In addition, women that assume care and social responsibilities are more likely to work closer to home and opt for shorter commutes. This consequently has an effect on the distribution of job opportunities within a city which, when combined with the gender division of labor and workload imbalance with care responsibilities, exacerbates the gender differences in transport and mobility. As Linsy Damashek noted —

“Women often work closer to home, make more trip chains between home and child care or school and on to work, and are often accompanied by their children during their trips. Because they frequently have to do non-work related chores, they need more travel flexibility than men and typically have many more concerns for their safety during travel.”

In the United States, where 55% of public transit ridership is women, the Los Angeles County Metropolitan Transportation Authority (LA Metro) published its study “Understanding How Women Travel Report” in 2019 that elucidated the different aspects that influence how women move in the area.

Longer headways, late buses, no shows, and the absence of real-time information not only worsen women’s safety concerns, but render mobility of care trips more challenging. As reported in LA Metro —

“A late train can mean daycare fines, a pass-up can mean a missed medical appointment, and infrequent early morning or light night service can limit employment opportunities.”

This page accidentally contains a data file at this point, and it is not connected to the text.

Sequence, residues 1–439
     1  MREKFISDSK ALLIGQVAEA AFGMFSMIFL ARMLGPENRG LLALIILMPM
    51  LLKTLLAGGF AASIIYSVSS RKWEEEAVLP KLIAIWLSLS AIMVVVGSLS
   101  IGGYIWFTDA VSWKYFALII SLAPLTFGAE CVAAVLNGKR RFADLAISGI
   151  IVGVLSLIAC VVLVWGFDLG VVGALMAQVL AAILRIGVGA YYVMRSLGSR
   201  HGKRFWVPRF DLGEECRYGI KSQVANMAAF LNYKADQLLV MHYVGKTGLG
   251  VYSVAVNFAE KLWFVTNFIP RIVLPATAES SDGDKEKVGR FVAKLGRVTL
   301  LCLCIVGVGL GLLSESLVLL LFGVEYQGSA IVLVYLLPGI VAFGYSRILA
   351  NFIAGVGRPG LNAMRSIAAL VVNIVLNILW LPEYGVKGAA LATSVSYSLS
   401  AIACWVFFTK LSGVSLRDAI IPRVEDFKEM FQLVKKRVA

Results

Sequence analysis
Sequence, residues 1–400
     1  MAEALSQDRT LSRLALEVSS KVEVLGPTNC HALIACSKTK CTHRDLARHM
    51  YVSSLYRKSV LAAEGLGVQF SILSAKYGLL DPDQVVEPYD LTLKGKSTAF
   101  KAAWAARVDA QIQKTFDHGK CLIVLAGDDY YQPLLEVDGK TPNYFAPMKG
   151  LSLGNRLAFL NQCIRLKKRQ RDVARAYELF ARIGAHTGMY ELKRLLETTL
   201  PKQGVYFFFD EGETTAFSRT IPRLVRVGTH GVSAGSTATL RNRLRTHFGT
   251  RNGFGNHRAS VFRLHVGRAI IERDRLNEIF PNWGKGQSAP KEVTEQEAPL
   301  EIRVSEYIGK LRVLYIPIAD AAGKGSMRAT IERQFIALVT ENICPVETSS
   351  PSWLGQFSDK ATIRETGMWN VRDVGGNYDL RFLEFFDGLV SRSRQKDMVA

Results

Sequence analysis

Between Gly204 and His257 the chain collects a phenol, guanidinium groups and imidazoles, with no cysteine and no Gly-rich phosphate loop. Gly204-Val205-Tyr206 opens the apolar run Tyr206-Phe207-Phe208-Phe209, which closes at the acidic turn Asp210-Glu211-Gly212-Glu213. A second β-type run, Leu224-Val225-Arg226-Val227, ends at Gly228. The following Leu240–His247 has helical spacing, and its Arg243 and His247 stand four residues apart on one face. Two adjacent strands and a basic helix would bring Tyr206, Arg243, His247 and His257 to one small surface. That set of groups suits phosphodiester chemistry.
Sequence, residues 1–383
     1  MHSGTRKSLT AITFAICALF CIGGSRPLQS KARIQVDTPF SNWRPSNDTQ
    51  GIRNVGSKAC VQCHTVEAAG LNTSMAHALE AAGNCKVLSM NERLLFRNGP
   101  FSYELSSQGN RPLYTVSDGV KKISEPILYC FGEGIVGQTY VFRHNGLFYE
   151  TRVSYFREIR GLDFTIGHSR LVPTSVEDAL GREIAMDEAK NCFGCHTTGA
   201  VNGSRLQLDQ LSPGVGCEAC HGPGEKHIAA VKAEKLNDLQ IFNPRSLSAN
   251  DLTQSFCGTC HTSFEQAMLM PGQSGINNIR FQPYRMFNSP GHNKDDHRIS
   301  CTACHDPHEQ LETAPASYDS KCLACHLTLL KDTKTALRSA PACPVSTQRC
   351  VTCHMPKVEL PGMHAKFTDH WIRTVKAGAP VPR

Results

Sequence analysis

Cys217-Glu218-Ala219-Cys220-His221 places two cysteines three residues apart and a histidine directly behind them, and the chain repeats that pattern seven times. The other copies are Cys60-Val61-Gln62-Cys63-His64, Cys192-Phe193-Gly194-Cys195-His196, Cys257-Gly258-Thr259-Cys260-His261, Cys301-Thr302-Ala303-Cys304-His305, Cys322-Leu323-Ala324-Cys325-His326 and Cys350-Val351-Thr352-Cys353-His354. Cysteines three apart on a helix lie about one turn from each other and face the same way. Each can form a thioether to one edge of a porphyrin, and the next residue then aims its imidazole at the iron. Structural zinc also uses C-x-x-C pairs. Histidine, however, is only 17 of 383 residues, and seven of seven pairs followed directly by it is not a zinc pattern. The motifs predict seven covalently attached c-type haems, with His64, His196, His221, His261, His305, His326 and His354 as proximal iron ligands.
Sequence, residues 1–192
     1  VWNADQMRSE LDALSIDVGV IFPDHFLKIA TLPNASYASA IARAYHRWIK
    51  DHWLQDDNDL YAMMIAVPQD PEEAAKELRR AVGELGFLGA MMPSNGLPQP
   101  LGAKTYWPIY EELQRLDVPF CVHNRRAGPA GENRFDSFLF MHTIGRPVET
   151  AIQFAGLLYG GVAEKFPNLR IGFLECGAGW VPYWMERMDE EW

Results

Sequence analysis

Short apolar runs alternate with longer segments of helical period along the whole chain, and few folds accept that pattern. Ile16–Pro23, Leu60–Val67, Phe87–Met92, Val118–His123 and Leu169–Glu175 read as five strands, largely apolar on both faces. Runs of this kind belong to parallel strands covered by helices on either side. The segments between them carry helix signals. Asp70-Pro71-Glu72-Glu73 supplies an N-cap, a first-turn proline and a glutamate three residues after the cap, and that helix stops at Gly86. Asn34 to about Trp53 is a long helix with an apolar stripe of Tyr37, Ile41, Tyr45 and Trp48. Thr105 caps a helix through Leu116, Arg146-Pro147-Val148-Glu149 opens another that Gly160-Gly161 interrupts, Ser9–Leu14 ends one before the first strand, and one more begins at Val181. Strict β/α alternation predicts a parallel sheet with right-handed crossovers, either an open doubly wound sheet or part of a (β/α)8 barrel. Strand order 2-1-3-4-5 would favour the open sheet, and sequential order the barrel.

Transit agencies have often relied on customer surveys as well as automated data collection systems to reveal how people travel through a public transit system and to improve safety on public transit. The results of LA Metro’s study is informing their so-called ‘Gender Action Plan’ while the Bay Area Rapid Transit has recently reduced its crime rate and also launched phase 2 of its “Not One More Girl” campaign, as part of the agency’s safety plan, that addresses sexual harassment and gender-based violence on transit services.

While the combination of surveys and automated data collection provide an important insight to women’s experience of how they move and what influences individual mobility choices, Shunman et al, however, highlighted the gap in the qualitative approach to data collection that could improve our understanding of mobility of care.

A Novel, Data-Driven Approach to Identifying Mobility of Care

In a recent case study, the authors argue that a shift towards an approach that utilizes trip data, in combination with demographic information (gender in this case), can provide disaggregated data about how people, especially women, use public transport systems to provide mobility of care.

Smiling girl on a bus

The researchers created a novel framework to identify and measure mobility of care trips based on transit fare card transactions, name-based gender inference, and geospatial analysis. This framework was then applied to ridership data from Washington Metropolitan Area Transit Authority (WMATA) that provides a transit fare card referred to as the SmarTrip card.